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Two steps backward

Updated on: Apr 08, 2016
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In both Kerala and Tamil Nadu, which go to polls on May 16, the BJP sees the way forward in wooing the dominant OBC, or other backward class, communities

There was consternation in Kerala’s political circles in early November last year, as results trickled in for the hotly contested municipal elections, which the Congress leader and former Union defence minister AK Anthony had famously dubbed the “semi-finals” to the 2016 Assembly polls. State Bharatiya Janata Party (BJP) leader Sreedharan Pillai now crowed in response: “If this was the semi-final, then we have already reached the final.”

That cockiness was with reason. The party had grabbed 34 of the 100 divisions in capital Thiruvananthapuram, pushing the ruling Congress-led United Democratic Front (UDF) to third place. The Communist-led Left Democratic Front (LDF) was in first place with 42 seats, but that didn’t diminish the BJP’s glee — besides snapping up Palakkad municipality, it won seats in most other municipalities. The urban centres had registered a marked swing in favour of a party that had virtually no presence in this corner of the country for the longest time.

Back in 1984, when it contested its first election in Kerala, the BJP scraped up a meagre 1.75 per cent vote share. Yet to win a single seat in the State, the party has nevertheless steadily shored up its vote share over the years. During the 2014 Lok Sabha polls, its candidate O Rajagopal gave the Congress’s Shashi Tharoor a serious run for his money in Thiruvananthapuram, losing by just 15,470 votes. In Kasaragod, the BJP stood second in a few Assembly segments within the larger Lok Sabha seat. Its vote share had spiked to 10.33 per cent. And this sizeable gain has been mainly at the cost of the Left parties.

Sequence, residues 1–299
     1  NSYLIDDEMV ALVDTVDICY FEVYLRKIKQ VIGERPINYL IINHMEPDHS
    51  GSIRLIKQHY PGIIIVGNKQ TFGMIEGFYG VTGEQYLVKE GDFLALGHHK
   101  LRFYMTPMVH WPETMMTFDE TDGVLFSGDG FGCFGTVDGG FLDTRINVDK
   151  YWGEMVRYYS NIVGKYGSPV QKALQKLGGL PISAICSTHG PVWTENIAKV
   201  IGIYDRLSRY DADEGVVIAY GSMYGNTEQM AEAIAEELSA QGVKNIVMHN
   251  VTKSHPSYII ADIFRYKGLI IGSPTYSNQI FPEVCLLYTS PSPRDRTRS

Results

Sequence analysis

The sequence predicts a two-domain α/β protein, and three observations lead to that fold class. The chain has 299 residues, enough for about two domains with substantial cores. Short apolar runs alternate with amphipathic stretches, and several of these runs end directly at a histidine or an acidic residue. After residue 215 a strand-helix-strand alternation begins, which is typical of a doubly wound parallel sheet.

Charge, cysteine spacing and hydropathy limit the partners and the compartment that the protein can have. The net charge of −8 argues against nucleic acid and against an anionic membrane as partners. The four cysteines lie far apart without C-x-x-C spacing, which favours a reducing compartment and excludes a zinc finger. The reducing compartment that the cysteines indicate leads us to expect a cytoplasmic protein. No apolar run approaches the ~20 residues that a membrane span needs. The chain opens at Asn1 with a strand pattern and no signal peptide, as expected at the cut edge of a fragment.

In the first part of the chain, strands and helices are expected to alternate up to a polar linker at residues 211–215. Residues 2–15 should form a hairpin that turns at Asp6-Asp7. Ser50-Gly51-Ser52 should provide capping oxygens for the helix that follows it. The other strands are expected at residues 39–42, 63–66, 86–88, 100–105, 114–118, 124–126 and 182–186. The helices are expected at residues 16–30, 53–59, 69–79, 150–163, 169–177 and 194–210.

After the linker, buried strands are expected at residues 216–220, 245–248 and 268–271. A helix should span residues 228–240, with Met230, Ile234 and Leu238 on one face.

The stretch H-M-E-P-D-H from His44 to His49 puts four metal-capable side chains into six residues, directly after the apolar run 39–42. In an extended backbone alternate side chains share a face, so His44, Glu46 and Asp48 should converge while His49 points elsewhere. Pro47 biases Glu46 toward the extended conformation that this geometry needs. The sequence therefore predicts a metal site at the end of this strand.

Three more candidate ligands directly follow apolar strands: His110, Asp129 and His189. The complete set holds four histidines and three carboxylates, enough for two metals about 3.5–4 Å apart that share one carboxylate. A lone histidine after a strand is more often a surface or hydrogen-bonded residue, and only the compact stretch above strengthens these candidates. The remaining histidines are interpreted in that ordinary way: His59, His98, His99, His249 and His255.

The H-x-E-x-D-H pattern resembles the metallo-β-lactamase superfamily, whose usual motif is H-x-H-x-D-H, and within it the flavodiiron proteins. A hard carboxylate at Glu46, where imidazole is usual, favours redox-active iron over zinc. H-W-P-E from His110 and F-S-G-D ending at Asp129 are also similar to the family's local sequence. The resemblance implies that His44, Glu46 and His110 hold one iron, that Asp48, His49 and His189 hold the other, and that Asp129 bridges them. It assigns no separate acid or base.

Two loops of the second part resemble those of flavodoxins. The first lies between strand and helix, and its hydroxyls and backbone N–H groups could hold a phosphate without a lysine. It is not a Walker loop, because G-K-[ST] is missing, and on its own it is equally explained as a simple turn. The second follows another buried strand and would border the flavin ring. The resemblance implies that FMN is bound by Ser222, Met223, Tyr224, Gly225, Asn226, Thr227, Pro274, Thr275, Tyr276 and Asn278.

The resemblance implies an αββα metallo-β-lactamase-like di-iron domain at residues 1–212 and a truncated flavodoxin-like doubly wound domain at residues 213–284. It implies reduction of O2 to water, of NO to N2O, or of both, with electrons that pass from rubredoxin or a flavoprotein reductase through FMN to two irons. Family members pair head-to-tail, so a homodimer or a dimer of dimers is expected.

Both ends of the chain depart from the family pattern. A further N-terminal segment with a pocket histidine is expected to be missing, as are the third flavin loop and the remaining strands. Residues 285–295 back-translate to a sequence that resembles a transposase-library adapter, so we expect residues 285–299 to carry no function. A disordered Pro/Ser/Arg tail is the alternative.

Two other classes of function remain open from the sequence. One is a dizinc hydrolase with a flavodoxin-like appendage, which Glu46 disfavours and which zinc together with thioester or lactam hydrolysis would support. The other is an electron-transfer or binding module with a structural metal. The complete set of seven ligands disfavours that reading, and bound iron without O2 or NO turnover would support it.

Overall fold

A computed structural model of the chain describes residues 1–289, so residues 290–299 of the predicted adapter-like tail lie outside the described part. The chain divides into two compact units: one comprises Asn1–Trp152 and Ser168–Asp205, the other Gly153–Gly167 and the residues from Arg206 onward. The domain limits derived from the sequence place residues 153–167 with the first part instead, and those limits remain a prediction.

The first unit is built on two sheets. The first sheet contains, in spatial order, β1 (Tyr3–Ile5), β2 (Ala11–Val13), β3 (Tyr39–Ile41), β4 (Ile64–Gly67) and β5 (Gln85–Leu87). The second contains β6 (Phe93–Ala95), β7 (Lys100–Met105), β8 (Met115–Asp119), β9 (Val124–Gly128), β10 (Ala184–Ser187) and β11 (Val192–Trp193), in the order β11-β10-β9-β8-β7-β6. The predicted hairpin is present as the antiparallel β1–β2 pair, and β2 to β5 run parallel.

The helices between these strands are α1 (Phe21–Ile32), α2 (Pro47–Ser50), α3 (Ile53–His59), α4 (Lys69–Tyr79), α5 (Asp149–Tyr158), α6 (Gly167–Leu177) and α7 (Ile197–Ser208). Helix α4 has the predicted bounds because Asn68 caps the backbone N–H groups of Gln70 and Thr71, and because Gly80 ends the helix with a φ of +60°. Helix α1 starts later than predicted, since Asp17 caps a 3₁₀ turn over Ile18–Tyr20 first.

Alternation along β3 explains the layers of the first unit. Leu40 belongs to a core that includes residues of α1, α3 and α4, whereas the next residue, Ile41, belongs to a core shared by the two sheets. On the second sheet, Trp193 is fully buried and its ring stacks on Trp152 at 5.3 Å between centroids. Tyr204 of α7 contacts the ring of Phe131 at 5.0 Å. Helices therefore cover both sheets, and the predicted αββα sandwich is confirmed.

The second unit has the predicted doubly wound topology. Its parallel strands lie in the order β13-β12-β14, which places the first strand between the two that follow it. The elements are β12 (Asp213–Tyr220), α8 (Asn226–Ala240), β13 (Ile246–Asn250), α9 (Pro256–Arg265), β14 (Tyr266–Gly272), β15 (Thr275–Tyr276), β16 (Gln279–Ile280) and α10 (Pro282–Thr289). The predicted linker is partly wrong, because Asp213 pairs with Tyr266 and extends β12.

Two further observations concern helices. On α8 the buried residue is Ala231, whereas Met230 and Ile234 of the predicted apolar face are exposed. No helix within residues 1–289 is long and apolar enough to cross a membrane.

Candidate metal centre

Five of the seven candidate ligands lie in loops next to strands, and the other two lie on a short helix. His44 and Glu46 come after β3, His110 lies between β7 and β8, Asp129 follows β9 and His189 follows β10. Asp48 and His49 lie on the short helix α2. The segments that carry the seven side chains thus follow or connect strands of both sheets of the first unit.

Unlike poles attract

In December 2015, pulling off a coup of sorts, the BJP firmed up an alliance with the Bharat Dharma Jana Sena (BDJS), a party led by Vellappally Natesan and floated by the Sree Narayana Dharma Paripalana Yogam (SNDP), a religious outfit with a significant following among the dominant Ezhava caste in the State. The Ezhavas and Nairs together constitute 55 per cent of Kerala’s Hindu population.

“We are mobilising all sections of society,” says Kerala BJP president Kummanam Rajasekharan. “We have broadened our vote base and there are many new partners coming in. (The) People coming to BJP have a mass base. Organisations like the SNDP have been working in social reform for decades.”

Rajasekharan was at pains to explain that the tie-up had no casteist overtones. “The BDJS and SNDP are working for a backward community. They are not spreading casteism but spreading welfare and getting the basic needs of the backward community fulfilled. The SNDP is a social movement,” he asserts.